Also as a hard working chap who finds many features of MS Office (eg Outlook) totally unimplemented in the open source world I would find it very hard to consider the combination of Libre Office and Evolution and everything else to be an "Office Suite". It's very unfortunate (I like Linux) but it has too many problems and omissions to be able to even begin to supplant Windows + MS office. Not even Apple have managed to slay that dragon, and they've been trying really hard.

And who cares how long it takes to install an OS? It's not as if you do that on your desktop every day. IT admits don't do it very often either, they just roll out some pre built image complete with required apps.

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Android detective explains Bitcoin borkage breadcrumbs

bazza
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Re: Random numbers

Shake a device to get randomness? That'll be not very good, especially if the user is told to shake the phone for that purpose...

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BlackBerry pie sliced up: Nuke-plant OS, BBM chat app, etc sale mulled

bazza
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Meh

Hmmm, your ignorance is unfortunately for BlackBerry too commonly found amongst the supposed experts of mobile computing. I'm not suggesting that you should know better, but there are plenty of people out there who should do more research when designing and choosing technology.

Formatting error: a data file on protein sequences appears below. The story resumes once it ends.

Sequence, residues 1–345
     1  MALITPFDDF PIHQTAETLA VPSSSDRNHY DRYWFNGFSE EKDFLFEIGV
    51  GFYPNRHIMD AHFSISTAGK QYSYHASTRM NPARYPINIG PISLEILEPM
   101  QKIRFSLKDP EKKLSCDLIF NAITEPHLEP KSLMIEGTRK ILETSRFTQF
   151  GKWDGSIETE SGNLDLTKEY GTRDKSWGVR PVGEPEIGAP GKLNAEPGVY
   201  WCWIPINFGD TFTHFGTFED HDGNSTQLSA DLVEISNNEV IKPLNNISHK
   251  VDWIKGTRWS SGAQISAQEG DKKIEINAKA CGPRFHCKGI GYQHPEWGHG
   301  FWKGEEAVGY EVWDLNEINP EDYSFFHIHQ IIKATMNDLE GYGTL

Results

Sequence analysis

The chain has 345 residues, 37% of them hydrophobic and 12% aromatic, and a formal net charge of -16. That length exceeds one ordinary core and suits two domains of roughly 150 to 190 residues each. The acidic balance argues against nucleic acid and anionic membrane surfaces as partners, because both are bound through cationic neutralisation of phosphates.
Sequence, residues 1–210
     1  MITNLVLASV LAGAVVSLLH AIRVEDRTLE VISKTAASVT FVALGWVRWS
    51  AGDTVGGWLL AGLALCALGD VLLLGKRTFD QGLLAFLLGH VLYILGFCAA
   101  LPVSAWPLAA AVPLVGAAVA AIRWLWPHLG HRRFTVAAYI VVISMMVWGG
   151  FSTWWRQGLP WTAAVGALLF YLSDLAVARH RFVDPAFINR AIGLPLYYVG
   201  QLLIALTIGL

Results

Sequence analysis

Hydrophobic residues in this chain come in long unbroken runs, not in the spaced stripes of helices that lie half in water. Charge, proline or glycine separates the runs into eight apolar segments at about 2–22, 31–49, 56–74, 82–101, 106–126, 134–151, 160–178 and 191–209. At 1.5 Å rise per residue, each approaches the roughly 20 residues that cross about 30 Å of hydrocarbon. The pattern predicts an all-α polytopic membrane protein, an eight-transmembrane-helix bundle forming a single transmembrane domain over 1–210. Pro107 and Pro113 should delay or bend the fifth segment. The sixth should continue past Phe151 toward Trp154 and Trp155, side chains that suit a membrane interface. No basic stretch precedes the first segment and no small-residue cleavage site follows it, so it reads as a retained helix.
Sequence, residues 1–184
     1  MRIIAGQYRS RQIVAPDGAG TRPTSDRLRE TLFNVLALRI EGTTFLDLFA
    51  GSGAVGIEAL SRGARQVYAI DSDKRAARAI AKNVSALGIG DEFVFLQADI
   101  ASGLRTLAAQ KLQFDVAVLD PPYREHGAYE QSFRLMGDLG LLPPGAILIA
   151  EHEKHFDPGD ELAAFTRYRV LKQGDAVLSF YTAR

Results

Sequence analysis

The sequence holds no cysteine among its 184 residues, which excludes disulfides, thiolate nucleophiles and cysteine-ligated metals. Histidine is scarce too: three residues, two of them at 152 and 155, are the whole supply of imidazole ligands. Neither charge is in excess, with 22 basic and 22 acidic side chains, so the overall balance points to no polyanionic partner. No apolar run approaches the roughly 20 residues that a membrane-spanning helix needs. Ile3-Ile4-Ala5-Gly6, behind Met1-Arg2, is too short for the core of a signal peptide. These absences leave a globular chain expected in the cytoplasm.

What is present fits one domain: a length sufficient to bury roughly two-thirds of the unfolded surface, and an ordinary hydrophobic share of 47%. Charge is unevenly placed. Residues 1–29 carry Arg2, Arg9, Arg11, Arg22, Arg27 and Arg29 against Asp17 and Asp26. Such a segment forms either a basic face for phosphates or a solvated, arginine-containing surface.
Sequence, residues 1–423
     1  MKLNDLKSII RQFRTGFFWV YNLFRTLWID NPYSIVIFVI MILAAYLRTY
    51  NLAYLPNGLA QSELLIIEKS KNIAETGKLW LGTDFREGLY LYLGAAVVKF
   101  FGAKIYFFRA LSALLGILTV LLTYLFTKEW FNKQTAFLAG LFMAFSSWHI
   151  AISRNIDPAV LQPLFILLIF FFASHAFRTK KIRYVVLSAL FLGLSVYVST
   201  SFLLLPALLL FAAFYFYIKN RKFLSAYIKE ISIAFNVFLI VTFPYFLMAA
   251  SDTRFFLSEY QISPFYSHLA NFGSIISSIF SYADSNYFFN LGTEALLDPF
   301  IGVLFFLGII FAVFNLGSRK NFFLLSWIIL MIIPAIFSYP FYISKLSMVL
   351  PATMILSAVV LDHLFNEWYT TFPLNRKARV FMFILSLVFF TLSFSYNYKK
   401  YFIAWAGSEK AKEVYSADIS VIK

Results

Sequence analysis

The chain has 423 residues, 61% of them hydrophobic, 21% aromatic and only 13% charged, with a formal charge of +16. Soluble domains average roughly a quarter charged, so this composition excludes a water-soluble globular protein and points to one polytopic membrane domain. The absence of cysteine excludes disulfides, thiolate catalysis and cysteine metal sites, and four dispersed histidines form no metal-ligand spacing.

Currently BlackBerry offer the world's only mobile specific OS for smart phones with a functional, usable and DoD approved multi level security system which ought to be everybody's dream solution to the BYOD problem, as well as the best mobile messaging infrastructure out.

If you don't know what a multi level security system is nor why corporate users would want one then you're going to be happy with iOS, Android or WinPhone. If you do know what one is then iOS, WinPhone and particularly Android look really badly thought out from a security-usability-combo point of view. There is some tinkering around with crude MLS on the other OSes, but nothing as complete or as usable as BlackBerry's setup is on the cards.

When BB said they were intending on focusing on the corporate market, they weren't kidding. BB10's Balance is aimed fair and square right at the eyes of the big corporate IT admin. BB's problem is that either the IT admin is a dunce and doesn't know what a multi level security system can do for their company. Or they're overruled higher up by senior management anxious to pander to staff demands for company iPhones, Android's, etc, and data security be dammed.

Android in particular seems to be a terrible choice from a security point of view. Even if the OS's own security is improving all it takes is for one user in a company to root their own device and install something ill-advised and their employer could lose some business-killing info. And who would ever know anything about how it leaked out? The farce over ineffective signing of APK files on Android, a problem that will persist in the user base for years to come, is a classic.

WinPhone and iOS are better written than Android, but their design is such that they're only secure if the user is prevented from using all the fun stuff. So they'll still have to carry two phones. BB10 offers a way in which you can have fun and security at the same time. But they're trying to sell it to a world where even most companies seem to care only about the fun; not good for BB in the short term, probably not good for companies in the long run.